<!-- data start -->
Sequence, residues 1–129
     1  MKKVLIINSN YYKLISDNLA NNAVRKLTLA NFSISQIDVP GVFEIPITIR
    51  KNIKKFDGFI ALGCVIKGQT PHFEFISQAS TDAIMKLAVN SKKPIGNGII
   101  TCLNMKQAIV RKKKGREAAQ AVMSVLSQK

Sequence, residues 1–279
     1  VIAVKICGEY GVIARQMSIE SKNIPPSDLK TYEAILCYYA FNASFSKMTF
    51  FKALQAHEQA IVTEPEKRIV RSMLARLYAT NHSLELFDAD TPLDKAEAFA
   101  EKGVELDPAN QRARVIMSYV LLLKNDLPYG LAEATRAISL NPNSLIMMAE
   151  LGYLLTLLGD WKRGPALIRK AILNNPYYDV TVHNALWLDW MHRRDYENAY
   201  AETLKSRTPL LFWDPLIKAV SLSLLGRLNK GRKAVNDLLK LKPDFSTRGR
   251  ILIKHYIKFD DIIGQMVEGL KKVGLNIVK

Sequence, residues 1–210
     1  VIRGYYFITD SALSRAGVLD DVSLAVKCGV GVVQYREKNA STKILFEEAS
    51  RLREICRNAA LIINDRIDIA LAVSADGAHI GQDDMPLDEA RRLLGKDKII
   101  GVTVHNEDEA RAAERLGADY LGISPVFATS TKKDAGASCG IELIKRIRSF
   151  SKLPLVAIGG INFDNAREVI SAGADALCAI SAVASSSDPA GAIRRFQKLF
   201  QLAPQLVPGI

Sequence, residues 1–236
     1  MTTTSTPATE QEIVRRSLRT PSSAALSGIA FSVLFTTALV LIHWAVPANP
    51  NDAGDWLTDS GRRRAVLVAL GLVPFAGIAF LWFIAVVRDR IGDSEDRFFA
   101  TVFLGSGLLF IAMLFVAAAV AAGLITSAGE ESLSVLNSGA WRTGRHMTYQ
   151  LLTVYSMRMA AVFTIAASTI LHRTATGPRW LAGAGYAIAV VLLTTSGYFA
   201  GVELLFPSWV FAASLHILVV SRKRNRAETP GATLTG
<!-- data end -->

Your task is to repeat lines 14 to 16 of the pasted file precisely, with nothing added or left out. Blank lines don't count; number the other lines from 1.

    51  RLREICRNAA LIINDRIDIA LAVSADGAHI GQDDMPLDEA RRLLGKDKII
   101  GVTVHNEDEA RAAERLGADY LGISPVFATS TKKDAGASCG IELIKRIRSF
   151  SKLPLVAIGG INFDNAREVI SAGADALCAI SAVASSSDPA GAIRRFQKLF